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CAN WE START & NEVER STOP TALKING ABOUT SAMANTHA IRBY?

March 22, 2019
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Samantha Irby is too booked and busy to be my fairy godmother but her book of essays had me wishing she was my barely functioning-but-will-still-cuss-you-TF-out spirit guide. We all need one to remind us that perfection is goddamn fairytale right up there with having your s*** together all of the time. Life is an emotional rollercoaster and Irby’s words are the perfect depiction of that ride, almost like the picture you get at the end of it. The reality is that, at least, a lot of us are struggling through depression (laced with some anxiety) and at most, we are weighed by illnesses that make that seem like a walk in the park. The reality of survival isn’t pretty and few authors genuinely do the work to embrace that like Irby does.

Irby is a comedian, blogger, TV writer, essayist and New York Times best-selling author whose “no frills” style to the written word and guerilla-comedy style marketing antics have made her a low-key (but high-key with the memes) internet sensation. Irby was first introduced on Al Gore’s internet with her hit blog Bitches Gotta Eat, which has the right amount of “softcore and despair” to make me feel seen. Meaty (2013) is Irby’s first published book of essays which just went through re-issue, prompting the author to mastermind a meme-tastic guerilla marketing campaign where she had friends Photoshop the cover of the book into pictures of various celebrities holding books.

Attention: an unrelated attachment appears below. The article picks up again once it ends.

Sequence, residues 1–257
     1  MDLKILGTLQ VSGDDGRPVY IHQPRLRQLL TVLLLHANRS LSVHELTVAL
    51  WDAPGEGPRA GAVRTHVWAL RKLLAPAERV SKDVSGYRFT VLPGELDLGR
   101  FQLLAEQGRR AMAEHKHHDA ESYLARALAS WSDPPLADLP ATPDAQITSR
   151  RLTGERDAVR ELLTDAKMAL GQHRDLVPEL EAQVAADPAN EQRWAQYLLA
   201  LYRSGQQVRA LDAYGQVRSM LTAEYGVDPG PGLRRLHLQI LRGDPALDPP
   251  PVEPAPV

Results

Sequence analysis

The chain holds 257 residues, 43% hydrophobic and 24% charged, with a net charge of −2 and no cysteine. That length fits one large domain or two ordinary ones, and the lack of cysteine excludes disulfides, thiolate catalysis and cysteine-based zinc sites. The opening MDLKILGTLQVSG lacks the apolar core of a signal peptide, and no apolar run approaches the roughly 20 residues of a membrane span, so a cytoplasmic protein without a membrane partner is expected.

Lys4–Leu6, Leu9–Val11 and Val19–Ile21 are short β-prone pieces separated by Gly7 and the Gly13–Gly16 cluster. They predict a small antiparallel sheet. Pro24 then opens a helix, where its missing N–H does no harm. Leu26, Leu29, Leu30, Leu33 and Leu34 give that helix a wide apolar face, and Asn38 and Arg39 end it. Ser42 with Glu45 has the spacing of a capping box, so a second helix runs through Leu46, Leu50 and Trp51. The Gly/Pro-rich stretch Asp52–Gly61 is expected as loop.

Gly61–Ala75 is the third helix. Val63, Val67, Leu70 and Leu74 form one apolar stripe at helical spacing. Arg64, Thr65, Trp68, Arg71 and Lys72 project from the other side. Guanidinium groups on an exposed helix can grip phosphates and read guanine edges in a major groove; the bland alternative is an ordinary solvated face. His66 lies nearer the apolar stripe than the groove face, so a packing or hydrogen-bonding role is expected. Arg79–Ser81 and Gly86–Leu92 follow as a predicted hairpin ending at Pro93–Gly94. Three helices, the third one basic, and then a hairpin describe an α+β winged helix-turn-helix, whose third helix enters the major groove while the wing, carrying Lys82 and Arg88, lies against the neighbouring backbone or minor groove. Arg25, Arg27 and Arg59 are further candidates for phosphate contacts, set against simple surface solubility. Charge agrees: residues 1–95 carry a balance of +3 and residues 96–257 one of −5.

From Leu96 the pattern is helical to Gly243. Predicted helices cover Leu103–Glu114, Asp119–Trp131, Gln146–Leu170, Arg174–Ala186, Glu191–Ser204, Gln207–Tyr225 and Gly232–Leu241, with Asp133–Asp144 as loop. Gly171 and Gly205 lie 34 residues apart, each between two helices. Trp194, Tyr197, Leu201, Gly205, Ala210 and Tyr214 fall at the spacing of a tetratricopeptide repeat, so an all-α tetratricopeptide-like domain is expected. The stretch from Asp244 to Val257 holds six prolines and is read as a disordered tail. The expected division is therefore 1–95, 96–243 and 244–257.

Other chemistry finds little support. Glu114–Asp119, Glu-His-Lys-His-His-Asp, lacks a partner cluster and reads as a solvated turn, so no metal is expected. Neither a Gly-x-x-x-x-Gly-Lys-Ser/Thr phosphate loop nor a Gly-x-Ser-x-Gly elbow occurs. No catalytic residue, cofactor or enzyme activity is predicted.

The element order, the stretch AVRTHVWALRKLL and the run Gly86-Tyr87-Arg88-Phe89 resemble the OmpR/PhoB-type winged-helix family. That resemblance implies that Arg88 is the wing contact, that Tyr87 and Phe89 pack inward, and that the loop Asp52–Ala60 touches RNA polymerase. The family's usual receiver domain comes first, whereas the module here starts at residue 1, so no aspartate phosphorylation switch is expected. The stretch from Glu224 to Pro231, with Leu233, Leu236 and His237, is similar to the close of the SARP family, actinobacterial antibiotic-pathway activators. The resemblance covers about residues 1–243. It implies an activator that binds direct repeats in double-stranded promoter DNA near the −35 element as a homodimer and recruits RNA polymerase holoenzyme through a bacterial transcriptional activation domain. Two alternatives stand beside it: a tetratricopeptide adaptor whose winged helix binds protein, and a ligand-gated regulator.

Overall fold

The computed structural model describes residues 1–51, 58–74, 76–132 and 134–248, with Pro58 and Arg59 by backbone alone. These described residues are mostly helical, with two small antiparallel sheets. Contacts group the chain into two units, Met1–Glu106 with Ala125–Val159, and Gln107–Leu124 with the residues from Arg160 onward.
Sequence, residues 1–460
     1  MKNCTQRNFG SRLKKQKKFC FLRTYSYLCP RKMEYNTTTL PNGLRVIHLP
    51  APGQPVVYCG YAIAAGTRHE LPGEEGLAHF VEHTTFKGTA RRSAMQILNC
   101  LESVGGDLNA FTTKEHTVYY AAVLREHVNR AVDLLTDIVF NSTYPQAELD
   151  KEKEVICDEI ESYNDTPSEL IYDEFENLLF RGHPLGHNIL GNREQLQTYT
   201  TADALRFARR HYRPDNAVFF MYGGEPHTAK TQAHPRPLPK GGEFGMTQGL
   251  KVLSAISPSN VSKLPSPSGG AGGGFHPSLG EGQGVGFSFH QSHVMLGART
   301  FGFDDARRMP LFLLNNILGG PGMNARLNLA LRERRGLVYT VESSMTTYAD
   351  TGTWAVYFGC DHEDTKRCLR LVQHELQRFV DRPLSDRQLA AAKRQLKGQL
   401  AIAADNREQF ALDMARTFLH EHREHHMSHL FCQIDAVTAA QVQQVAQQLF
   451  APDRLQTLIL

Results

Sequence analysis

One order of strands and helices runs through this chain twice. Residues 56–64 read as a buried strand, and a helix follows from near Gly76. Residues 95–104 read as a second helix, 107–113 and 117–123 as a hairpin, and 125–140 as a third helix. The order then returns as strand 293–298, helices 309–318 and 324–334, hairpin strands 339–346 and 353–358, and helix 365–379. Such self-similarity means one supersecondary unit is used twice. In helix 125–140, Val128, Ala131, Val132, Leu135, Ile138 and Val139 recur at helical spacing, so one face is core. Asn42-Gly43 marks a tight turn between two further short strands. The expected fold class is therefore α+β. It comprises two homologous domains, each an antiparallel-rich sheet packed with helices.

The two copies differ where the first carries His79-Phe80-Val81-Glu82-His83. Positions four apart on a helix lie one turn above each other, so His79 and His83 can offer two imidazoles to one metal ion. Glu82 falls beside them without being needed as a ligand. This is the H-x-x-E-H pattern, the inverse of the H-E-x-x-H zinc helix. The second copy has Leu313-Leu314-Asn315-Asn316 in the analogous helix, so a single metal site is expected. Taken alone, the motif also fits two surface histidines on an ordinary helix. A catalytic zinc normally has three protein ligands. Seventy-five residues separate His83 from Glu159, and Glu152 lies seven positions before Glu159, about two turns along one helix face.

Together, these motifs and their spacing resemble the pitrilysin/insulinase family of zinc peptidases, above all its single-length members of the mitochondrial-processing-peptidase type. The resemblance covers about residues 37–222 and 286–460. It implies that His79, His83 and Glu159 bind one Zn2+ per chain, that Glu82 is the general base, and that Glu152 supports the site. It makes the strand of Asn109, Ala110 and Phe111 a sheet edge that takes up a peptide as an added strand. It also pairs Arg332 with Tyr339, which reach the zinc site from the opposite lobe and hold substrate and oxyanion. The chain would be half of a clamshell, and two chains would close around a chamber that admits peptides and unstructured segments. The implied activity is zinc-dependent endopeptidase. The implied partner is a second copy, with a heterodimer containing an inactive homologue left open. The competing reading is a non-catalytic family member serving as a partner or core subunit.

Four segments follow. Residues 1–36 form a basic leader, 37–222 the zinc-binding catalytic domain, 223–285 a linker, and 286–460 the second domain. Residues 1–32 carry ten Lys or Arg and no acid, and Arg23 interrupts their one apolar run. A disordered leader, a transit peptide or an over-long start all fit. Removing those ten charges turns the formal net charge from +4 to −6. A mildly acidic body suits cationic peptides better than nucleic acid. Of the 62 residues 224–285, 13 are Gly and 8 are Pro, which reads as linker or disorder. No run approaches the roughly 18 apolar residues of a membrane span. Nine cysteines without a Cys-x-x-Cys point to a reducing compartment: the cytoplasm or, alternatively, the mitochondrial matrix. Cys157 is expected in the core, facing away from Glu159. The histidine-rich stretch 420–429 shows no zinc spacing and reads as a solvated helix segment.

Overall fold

Irby went on to write her second book of poems called We Are Never Meeting In Real Life (2017) which earned her a place on the New York Times Bestseller list as well as the less-coveted place in our hearts. New Year, Same Trash: Resolutions I Absolutely Did Not Keep (2017) is the comedian’s 3rd collection of essays exploring what I’m sure you can gather is her declaration that “resolutions” should refer solely to TV quality and change is for the weather. The third installment in Irby’s trilogy of living, laughing and not giving a fuck further entrench revolutionary praxis for Black women, in that our mere unapologetic existence is political and downright revolutionary.

From Meaty:

“I don’t know, man. I’m just not big on spending every waking minute with someone you show your privates to. People are boring. I’m fucking boring. My funny runs out; my cute runs out; my smart sometimes hiccups; my sexy wakes up with uncontrollable diarrhea. I have a fucking attitude. And a sharp, nasty edge. I’m impatient. I like the whole fucking bed. I hate anyone touching and moving my artfully disheveled possessions all the time. I’m a downright terrible sharer, and I can’t guarantee that I won’t write my name on something in the refrigerator I don’t want you to eat.” 

The Black, queer, plus-size woman of color’s mere untampered existence in the world is already a form of resistance and Irby’s depiction of that spectrum etches out a place in the literary landscape that has been notoriously strictly hetero and white as rice. Irby is currently married to a woman while her writing details the shenanigans related to dating the straight men of her previous romantic escapades. Irby is forthright — because, when is she not? — about the fact that men are trash and even though her dating life has been filled with men and women, men find a way to leave a lasting and often traumatic impression. “If the men in my life wanted to be written about more favorably, they would have behaved better,” she told Rebellious Magazine.